Taiwan university unveils heart arrhythmia detection app
Taipei, Jan. 10 (CNA) National Taiwan University Hospital (NTUH) on Monday unveiled an app to detect atrial fibrillation that it jointly developed with FocalTech Smart Sensors Co., Ltd. in the hope of better identifying people suffering from the disease.
The pulse-detecting app, which allows individuals to place a finger in a cellphone camera lens to measure their heart rate, is the first of its kind in Asia to detect atrial fibrillation, members of the NTUH team told a news conference.
According to Chen Wen-chung (陳文鍾), director of NTUH's Cardiovascular Center, atrial fibrillation is a common type of heart arrhythmia most often seen in adults, which can trigger strokes, heart failure and even death in people unaware they have the heart problem.
It is not easy to diagnose the disease, but relevant risks can be largely reduced through adequate treatment, he said.
Lin Lian-yu (林亮宇), an attending doctor in NTUH's Department of Internal Medicine, said age, obesity, high blood pressure, alcohol consumption and smoking are all factors that contribute to atrial fibrillation.
Symptoms include heart palpitations, fatigue, dizziness, and breathing difficulties, but around 30 percent of patients display none of these conditions while 50 percent experience some of these side effects only occasionally, Lin said.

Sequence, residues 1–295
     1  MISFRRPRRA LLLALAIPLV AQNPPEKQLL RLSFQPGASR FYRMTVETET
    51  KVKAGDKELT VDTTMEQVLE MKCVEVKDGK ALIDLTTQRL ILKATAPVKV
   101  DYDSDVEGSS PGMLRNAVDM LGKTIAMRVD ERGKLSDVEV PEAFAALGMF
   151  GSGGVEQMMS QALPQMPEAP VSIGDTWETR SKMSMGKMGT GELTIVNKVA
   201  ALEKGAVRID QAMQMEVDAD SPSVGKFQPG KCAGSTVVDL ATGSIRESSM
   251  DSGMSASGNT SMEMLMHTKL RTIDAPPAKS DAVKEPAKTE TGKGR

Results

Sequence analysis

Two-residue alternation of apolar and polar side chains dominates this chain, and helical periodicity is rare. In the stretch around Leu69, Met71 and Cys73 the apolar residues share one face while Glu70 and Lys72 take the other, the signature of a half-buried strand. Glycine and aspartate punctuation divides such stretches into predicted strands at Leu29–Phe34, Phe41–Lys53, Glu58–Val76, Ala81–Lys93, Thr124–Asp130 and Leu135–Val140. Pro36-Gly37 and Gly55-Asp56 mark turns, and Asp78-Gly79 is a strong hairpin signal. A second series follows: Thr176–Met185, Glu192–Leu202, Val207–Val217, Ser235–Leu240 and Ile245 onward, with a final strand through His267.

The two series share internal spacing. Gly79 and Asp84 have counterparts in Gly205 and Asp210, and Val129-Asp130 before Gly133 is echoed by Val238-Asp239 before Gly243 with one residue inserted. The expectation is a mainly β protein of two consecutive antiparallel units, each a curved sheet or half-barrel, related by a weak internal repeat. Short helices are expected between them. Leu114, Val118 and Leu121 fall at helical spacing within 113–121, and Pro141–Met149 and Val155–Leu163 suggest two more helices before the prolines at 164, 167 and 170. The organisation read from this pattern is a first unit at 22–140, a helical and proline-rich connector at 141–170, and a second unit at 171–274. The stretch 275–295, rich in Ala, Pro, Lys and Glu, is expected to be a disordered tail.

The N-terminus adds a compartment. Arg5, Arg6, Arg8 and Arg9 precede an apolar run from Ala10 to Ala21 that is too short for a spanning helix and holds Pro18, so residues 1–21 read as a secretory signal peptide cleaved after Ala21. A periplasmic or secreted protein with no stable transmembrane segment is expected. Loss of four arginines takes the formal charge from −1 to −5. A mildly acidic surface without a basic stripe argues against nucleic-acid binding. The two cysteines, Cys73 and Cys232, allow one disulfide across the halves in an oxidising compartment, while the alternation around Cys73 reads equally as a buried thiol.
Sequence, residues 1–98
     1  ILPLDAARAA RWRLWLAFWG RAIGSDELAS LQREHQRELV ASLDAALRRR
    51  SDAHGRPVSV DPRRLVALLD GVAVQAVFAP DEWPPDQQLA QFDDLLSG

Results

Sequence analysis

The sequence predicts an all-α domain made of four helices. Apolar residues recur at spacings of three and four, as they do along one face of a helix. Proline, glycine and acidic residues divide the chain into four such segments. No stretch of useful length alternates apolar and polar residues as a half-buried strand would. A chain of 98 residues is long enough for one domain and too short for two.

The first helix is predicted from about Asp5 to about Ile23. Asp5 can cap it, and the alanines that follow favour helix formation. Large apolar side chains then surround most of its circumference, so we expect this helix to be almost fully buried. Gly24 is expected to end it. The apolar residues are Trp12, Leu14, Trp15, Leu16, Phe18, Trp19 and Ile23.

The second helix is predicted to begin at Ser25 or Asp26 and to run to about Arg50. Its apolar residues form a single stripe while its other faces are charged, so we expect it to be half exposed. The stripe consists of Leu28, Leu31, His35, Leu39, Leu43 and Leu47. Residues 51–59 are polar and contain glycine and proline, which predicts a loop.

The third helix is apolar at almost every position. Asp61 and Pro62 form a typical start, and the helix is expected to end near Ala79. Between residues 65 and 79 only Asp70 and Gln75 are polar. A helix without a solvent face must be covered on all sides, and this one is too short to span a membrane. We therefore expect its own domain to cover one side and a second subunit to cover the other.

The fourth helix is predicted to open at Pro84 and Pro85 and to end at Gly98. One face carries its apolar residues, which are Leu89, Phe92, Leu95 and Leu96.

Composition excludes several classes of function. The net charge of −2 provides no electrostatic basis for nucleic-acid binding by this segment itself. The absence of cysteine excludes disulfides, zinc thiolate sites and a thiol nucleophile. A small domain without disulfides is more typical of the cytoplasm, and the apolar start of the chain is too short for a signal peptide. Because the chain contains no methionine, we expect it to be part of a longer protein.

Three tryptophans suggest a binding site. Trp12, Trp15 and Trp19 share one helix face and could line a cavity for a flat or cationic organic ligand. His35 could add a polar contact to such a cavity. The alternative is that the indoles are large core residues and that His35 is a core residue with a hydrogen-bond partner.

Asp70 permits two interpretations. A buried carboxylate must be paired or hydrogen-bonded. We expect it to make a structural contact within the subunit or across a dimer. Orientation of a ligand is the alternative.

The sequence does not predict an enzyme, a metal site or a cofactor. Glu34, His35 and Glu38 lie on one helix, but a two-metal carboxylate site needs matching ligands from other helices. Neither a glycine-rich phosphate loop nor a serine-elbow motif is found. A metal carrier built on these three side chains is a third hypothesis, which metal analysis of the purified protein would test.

Tests have shown that the app has a 95 percent accuracy rate thanks to its photoplethysmography (PPG) -- based technology, which depicts the changing blood volume with a rising curve indicating the heartbeat, Lin Ting-tse (林廷澤), director of the Cardiovascular Center at NTUH's Hsinchu branch, explained.
Wu Pei-Tzu (吳培滋), chairman of FocalTech Smart Sensors, who was also present at the news conference, noted that the app is the first locally developed device to be approved by the Ministry of Health and Welfare.
It is also the first of its kind developed in Asia, he added.
Wu said the app can be downloaded free of charge currently, expressing hope that it will become more widely used in general physical examinations nationwide.
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